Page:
In contrast to the elaborate quilting project in last week’s post, here’s a deliciously simple craft hack you can make in a day.

I recently bought some beautiful Nina Campbell wallpaper to decorate a panel in our spare bedroom (makeover coming next!).  I had a piece of it leftover that seemed too lovely to waste, so I bought an inexpensive Ikea tray and used the wallpaper as an insert to the base, painted the outside and created a gorgeous oversized tray that’s perfect for breakfast in bed, drinks outside …or anything in between!

Here’s what you’ll need:

A round, square or rectangular tray.  Round trays are arguably slightly harder to work with because you have to measure a circumference and use the tray itself as your template, but I fell in love with the dipped curves of the Skala tray.  It’s huge at 44cm wide, with lovely handles – and very inexpensive, so you don’t have to worry about ruining it.

  • Sanding paper to lightly sand the edges of your tray before painting
  • Eggshell or other wood paint in a colour of your choice
  • A length of wallpaper wide enough to cover the diameter of your tray
  • Adhesive medium or wallpaper paste to apply the paper
  • Varnish to coat your tray to protect it from spills and stains when in use.  I used matt varnish because I like the flat finish.

Start by sanding your tray and then applying two coats of your chosen paint, following manufacturers instructions carefully re drying time.  If you’re using the same tray as me you might have to sand lightly between coats to remove any drips or build up of paint around the handles.

Paint the whole outside of the tray and about an inch into the inside base, making sure the paint is flat when dry, sanding away any bumps or brushstrokes; you want the decoupage surface to be totally even and flat.

Whilst your paint is drying, you can cut out your wallpaper.  You want your paper to fill the inside of the tray with a couple of millimetres distance between the edge of the paper and side of the tray, to avoid it butting up and peeling over time.  To cut mine, I traced around the outside of the tray and then trimmed the circle by 1cm as I cut it to ensure it was fractionally smaller than the tray base (remember to allow for the width of the sides; the inner base will be smaller than the outside measurement).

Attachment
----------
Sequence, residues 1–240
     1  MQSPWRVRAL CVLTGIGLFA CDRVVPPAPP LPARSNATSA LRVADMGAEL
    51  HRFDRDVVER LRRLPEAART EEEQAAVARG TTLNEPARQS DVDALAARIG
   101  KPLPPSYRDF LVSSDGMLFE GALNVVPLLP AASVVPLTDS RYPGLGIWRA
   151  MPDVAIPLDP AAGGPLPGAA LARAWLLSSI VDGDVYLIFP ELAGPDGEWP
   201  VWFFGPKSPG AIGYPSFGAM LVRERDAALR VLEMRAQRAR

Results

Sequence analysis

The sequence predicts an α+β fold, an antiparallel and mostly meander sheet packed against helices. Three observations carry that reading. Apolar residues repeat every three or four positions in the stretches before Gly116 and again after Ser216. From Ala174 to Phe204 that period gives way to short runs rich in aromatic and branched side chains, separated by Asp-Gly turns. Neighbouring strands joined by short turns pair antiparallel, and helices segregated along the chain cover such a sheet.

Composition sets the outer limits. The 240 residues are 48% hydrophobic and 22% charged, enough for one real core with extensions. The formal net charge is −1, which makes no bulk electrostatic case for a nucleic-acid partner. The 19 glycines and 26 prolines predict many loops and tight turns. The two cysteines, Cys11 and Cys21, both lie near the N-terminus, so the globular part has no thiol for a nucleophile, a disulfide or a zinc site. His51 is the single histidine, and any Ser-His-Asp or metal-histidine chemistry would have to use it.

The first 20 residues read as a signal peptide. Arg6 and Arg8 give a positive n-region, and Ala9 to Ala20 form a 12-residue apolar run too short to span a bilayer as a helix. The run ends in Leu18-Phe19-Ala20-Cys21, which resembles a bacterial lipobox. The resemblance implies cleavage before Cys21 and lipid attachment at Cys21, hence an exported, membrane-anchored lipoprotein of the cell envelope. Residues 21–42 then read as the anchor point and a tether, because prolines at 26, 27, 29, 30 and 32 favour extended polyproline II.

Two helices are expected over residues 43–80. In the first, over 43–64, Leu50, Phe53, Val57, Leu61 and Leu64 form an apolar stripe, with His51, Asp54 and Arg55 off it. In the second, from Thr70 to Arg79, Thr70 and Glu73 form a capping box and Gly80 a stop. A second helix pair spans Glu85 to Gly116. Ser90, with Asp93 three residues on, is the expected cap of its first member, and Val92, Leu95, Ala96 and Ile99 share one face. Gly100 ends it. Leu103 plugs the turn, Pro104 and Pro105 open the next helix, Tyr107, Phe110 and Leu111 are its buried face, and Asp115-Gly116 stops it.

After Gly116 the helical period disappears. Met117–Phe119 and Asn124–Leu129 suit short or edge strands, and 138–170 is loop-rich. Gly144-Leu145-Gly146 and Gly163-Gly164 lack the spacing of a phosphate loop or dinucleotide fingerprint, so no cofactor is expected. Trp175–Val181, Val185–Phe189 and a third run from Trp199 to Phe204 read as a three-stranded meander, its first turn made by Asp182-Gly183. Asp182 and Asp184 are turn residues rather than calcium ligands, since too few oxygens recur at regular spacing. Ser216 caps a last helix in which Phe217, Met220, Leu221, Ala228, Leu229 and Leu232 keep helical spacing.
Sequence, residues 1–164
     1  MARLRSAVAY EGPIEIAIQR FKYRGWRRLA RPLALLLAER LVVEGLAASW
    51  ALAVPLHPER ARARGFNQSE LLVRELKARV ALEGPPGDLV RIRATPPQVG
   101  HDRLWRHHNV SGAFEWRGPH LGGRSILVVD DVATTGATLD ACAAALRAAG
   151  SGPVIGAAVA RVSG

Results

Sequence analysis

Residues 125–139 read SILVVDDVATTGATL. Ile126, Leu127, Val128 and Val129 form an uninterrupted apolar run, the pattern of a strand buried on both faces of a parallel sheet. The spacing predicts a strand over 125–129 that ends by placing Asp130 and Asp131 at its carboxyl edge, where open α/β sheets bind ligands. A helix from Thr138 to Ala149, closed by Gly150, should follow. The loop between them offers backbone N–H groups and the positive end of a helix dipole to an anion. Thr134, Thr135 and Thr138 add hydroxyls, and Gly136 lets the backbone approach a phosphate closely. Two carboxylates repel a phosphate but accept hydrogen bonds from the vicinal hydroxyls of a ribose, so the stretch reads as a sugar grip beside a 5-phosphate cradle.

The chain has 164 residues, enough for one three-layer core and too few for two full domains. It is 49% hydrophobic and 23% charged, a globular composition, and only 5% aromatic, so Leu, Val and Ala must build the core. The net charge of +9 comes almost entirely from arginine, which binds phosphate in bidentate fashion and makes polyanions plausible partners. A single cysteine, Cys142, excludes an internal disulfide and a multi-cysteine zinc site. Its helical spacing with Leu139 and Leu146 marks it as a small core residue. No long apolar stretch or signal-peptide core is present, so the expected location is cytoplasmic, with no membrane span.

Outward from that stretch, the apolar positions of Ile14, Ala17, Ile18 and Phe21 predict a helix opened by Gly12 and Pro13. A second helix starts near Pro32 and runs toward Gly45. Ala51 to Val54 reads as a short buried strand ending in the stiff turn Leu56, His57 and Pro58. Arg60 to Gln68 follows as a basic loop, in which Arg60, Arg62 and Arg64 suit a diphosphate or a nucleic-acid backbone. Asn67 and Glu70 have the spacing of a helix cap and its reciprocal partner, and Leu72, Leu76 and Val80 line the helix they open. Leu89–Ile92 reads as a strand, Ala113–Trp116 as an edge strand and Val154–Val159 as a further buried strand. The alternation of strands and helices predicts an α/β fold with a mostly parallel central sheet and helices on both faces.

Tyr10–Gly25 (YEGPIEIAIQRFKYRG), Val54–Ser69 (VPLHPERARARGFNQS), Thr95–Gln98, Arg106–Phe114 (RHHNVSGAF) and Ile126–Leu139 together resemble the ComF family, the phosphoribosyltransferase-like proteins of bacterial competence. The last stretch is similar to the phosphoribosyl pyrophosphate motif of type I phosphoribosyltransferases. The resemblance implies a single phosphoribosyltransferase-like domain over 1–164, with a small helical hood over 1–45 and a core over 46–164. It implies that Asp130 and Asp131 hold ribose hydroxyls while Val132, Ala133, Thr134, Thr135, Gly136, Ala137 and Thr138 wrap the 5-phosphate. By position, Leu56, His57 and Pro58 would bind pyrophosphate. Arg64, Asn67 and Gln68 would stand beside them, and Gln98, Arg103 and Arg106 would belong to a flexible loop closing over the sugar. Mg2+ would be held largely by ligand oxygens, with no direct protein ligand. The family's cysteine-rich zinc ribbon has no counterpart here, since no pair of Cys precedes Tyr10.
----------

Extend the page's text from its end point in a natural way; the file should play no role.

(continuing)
Then, coat the inside of your tray with adhesive.  I use Golden Matte Medium for all papercrafting and decoupage, but wallpaper paste would work too – just make sure you remove any lumps.

Carefully place the wallpaper insert into the base of your tray and then use a damp cloth or decoupage roller to ensure all bubbles are eased out and the paper is lying completely flat.  Now leave it to dry and resist the urge to touch it or rearrange it!

You’re nearly there!  Once the paper is completely dry, apply 3-4 coats of varnish, applying thinly each time and leaving to dry thoroughly in between coats.  Doing so will mean you can wipe the tray clean repeatedly and not worry about drink or food spills; I wanted this tray to be immune to the hurly-burly of daily life and not something I had to be precious about!

So now you have it; a designer-looking stylish tray from a very inexpensive-but-beautifully-designed starting point.  Do let me know if you give this a whirl and send me a pic of how your project turned out (use the link top right on the home page).

Have a wonderful week, wherever you are and whatever you’re doing.

Kate